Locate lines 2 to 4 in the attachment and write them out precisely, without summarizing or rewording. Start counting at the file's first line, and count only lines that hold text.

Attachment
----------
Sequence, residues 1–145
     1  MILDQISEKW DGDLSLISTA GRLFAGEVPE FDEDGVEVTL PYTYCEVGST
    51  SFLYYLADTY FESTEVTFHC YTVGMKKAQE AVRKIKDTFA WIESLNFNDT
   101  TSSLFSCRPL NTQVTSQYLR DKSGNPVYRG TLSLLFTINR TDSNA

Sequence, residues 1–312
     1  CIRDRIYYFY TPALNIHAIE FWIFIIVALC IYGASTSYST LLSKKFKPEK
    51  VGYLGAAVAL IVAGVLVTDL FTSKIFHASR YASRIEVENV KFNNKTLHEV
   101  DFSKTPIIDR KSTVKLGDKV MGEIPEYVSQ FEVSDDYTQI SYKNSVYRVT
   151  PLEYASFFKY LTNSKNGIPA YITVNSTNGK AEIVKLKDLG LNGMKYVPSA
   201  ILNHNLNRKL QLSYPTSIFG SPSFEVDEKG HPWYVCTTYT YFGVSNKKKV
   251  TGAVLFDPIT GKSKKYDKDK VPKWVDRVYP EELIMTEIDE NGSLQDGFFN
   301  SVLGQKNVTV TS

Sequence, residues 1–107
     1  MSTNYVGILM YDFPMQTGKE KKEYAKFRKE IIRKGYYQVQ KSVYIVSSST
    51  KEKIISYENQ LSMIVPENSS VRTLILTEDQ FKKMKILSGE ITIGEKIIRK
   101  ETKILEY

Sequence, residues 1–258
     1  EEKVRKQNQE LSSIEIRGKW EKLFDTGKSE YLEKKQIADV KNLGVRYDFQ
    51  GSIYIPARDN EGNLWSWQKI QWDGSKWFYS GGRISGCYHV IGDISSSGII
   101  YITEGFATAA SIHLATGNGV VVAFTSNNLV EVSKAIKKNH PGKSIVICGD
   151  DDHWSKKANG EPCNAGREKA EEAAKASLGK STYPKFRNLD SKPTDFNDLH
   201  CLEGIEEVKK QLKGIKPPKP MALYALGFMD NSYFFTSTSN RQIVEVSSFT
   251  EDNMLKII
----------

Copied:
     1  MILDQISEKW DGDLSLISTA GRLFAGEVPE FDEDGVEVTL PYTYCEVGST
    51  SFLYYLADTY FESTEVTFHC YTVGMKKAQE AVRKIKDTFA WIESLNFNDT
   101  TSSLFSCRPL NTQVTSQYLR DKSGNPVYRG TLSLLFTINR TDSNA